• Though Metropolis was based on New York City, the prevailing theory as to why Delaware was chosen as Metropolis' home are five-fold: 1) Delaware is a corporate Tax Haven with more corporations per-capita than citizens in many areas; 2) It's on the East Coast with direct access to the sea; 3) Metropolis is supposed to be in relatively-close proximity to Gotham, and since Gotham is officially in New Jersey, Delaware was a natural choice; 4) There are literally no large/major cities in Delaware, despite being about as big as New Jersey, so unlike New York or Pennsylvania, you can throw a city in anywhere in the state and not be fighting for real-estate with real-life cities; 5) Gotham is supposed to be the gritty counterpart to Metropolis, and since New Jersey is the Evil Twin of Delaware, well...
    • DC once said Metropolis is New York City during the day, and Gotham City is New York City at night.
  • Wicked Toymaker: Toyman, a villain whose motivation varies from telling to telling but usually focuses on the fact that he's a somewhat broken man who makes deadly little toys.
  • Wife-Basher Basher: In the very first issue of his own comic in the 1930's, Superman deals with an abusive husband by brutally throwing the guy into a wall and beats HIM until he promises to never hit his wife ever again.
  • Will Not Tell a Lie: Superman himself, mostly. Except for those related to his Secret Identity.
    • And not even then. It isn't technically a lie if he says his name is Kal-El when asked, after all...
    • Conversely, back in the Silver Age, Superman seemed to enjoy messing with people's heads, especially villains.
  • "World of Cardboard" Speech: Delivered the trope-naming speech in Justice League while fighting Darkseid.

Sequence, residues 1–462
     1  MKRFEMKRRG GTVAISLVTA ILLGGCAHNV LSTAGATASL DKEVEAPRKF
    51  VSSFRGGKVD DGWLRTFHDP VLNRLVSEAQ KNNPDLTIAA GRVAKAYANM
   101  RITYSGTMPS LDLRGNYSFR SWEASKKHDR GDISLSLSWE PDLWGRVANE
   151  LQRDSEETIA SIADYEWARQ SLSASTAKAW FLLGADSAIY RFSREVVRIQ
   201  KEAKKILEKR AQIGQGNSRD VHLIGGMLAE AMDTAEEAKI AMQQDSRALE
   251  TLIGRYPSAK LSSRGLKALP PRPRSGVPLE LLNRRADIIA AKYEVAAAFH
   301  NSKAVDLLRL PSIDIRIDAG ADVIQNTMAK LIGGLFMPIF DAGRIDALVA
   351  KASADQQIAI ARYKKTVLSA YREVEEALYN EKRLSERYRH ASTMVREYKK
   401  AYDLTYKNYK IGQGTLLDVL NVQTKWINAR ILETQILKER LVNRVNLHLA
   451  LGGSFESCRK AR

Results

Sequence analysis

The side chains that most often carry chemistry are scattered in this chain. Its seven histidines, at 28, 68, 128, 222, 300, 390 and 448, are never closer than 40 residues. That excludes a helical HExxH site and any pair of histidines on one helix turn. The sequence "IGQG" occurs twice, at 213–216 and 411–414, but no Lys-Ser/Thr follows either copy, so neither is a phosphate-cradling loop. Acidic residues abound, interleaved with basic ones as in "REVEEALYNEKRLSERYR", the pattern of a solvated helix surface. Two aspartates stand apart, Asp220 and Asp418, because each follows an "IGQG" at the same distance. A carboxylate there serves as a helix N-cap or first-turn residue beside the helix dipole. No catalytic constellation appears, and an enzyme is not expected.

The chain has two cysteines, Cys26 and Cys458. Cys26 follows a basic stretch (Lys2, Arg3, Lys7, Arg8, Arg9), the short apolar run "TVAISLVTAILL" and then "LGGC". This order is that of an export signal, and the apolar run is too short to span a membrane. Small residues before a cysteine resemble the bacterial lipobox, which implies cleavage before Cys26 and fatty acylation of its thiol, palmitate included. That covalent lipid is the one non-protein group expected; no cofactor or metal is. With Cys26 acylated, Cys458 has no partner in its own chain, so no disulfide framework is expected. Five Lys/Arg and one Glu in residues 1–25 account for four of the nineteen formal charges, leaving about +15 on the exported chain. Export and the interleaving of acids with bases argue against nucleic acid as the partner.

• Wounded Hero Weaker Helper: Superman has been known to need help from humans (sometimes his friends, sometimes a stranger) when he encounters too much Kryptonite. As he's Superman, virtually everyone is weaker compared to him.
  • Wrong Parachute Gag: In #176, which explains how Superman decided on his ideal location for his Fortress of Solitude, he's on a flight over the arctic as Clark Kent when the plane suffers engine troubles. Almost immediately, everyone went for the parachutes, but Clark, who was inspecting the packs with his x-ray vision, notices a ripped parachute and switches it with his good one. Luckily for Clark, nobody notices the Human Alien dropping like a stone in the arctic night.
  • Yellow Peril: Not surprisingly, this trope was in full force in newspaper strips publishing during World War 2.
  • You Can't Fight Fate: Pre-Crisis, Superman could visit the past by exceeding the speed of light, but it was physically impossible for him to change history.
  • You Could Have Used Your Powers for Good: Supes towards any number of his enemies, especially Luthor.
  • You Gotta Have Blue Hair: Traditionally, colorists have always used blue for the highlights in Superman's black hair. Parodies often take this literally, giving him actual blue hair.
    • Played straight by Livewire.
  • You Mean Xmas: Miracle Monday, from Superman #400, is somewhere between this and an Homage to a Passover seder, with several customs and key phrases being nearly identical.
  • You Wouldn't Like Me When I'm Angry: Accompanied by Red Eyes, Take Warning and followed by Beware the Superman.